Ten years of Fair Trade

This month the Fairtrade Foundation, along with Green & Black’s Maya Gold, celebrate their 10th anniversary.

Fair trade hadn’t been invented in September 1991 when we launched Green & Black’s 70% cocoa solids – the first organic chocolate . Our biggest ethical dilemma was that it was made with the dreaded sugar. But it was organic, forest-friendly, sustainable and much lower in sugar than other chocolate. Ethically traded, it empowered Ewé tribal women in Togo – and, of crucial importance, it totally blew away your taste buds. “Guilt-free chocolate”, we called it.

Looking for further supplies, I contacted some old friends among the Maya in Belize and found that, after USAID had encouraged them all to plant cacao, they were facing ruin. Why? As soon as the aid workers had gone, Hershey’s buyer progressively reduced the price paid from $1.75 to 55¢ a pound. So we worked out a new deal for a new concept – Maya Gold - and made an offer to their cooperative, the TCGA. We offered: a five year rolling contract to grow cacao for Maya Gold paying $1.75 per pound, help to obtain organic certification, a $20,000 cash advance, and training in correct fermentation and quality control to ensure the best quality cacao.

British and UN aid experts advised the Maya strongly against going ahead with us and particularly against going organic, which they said would be a disaster. But the deal was agreed and signed.of the Fairtrade Foundation, who were looking for a first licensee. So we applied for Fairtrade certification. Maya Gold was the first product to bear their mark.

Maya Gold and the Fairtrade Mark were launched together on March 7 1994 at the BBC Good Food Show at Olympia. BBC News sent a film crew to Belize and came back with footage of Maya villagers harvesting cacao, and of their kids munching on the very first bars of Maya Gold. The story was on the afternoon and evening television news and in the press. The Independent headlined it: ”Right On – And it Tastes Good Too.” Young Methodists did an Olympic style run for fair trade, carrying a torch in relays between various English towns, haranguing supermarkets and shops to stock this first Fairtrade product. The senior confectionery buyer at Tesco phoned up: “Here, what’s this product all these vicars are phoning me about? You better come in and see me.” Fairtrade was on the map, with a product that (nicely) encapsulated its ideals. Cafédirect and Clipper soon signed up and the Fairtrade market went bananas.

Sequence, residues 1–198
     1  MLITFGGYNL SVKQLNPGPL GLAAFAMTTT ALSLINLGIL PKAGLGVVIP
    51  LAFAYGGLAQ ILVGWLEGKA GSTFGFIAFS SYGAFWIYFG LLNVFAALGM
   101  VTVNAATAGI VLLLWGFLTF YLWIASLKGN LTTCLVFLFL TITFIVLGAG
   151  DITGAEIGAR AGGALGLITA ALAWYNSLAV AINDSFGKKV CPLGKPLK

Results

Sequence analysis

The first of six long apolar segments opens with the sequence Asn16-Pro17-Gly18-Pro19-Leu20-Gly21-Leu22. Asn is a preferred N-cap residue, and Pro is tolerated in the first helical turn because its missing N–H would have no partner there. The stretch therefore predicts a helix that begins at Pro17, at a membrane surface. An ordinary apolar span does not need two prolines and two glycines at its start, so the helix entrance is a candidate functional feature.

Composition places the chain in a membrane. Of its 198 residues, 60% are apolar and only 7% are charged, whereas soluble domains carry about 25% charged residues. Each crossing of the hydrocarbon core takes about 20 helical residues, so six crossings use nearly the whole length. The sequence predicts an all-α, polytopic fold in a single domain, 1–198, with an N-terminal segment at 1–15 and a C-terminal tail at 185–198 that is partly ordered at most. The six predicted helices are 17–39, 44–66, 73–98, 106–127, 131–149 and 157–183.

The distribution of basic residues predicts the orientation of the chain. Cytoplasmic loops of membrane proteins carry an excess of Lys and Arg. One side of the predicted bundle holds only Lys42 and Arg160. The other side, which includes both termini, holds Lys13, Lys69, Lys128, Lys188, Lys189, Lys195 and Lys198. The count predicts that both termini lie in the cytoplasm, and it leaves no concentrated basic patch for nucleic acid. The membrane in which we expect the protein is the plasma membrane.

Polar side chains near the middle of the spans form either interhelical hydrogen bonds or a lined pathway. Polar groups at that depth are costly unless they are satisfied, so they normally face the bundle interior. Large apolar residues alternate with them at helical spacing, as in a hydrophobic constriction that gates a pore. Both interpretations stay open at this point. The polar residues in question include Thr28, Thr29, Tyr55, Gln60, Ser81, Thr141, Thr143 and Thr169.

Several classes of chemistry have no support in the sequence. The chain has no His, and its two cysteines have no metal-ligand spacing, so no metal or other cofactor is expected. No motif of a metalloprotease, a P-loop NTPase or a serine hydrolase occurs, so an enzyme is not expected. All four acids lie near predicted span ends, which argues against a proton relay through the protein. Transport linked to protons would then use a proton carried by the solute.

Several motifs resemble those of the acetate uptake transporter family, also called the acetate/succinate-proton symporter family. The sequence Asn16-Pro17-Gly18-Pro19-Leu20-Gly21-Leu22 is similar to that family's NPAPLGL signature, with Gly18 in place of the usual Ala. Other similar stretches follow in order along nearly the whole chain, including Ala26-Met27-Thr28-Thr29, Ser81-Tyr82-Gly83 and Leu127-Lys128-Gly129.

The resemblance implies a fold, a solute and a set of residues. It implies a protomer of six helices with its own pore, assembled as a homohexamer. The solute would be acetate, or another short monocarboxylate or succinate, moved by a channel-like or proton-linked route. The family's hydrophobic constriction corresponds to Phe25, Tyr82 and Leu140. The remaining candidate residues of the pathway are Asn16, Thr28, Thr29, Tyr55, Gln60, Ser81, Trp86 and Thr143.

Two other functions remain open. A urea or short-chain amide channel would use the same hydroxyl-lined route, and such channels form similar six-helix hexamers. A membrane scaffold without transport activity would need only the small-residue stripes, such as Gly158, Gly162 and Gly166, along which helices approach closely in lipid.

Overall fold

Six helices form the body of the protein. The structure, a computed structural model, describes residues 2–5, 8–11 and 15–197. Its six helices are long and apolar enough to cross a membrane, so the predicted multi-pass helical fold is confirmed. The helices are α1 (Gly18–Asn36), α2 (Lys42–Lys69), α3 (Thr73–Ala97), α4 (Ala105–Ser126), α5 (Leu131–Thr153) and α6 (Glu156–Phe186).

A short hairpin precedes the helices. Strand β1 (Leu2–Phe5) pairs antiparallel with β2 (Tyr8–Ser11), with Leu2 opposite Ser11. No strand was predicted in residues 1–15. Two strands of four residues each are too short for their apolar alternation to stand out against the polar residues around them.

For the Maya, fair trade’s benefits aren’t just economic:

- Women’s rights. Controlling the post-harvest processing (fermentation and drying) women get some or all of the money earned from the crop, which they spend on education and nutrition.

- Secondary education has increased from 10% of the kids to more than 70%

- Migratory bird populations have increased due to increased forest cover and reduced pesticide residues.

- Every Maya village is sited on a river, which serves as bath and laundry. Pesticide-related skin diseases, rashes and blisters are a thing of the past.

- As a result of working together in a successful producer cooperative the Maya have become an organised political force and recently blocked a timber project that threatened 250,000 acres of rain forest.

Now DflD has granted £240,000 to help the Maya quadruple their cacao output and improve their business skills in recognition that organic farming makes sense for unsubsidised small scale farmers. Can fair trade apply to British farmers? Although they have subsidies and welfare, they too are victims of globalisation. Forget job security or even long-term contracts when supermarkets can source food worldwide at the cheapest price.

At the beginning of the year the Soil Association launched Ethical Trade Organic Standards as a pilot scheme. In due course consumers will be able to buy organic produce knowing that a fair contract has been agreed with everyone in the food chain. Organic producers – and that includes UK ones – need a fair price, covering the cost of production, and giving a reasonable return, if family farms and artisan farmers are to survive.

Is that too much to ask for those hardworking, risk-taking producers who maintain the highest standards of animal welfare and enhance this green and pleasant land of ours?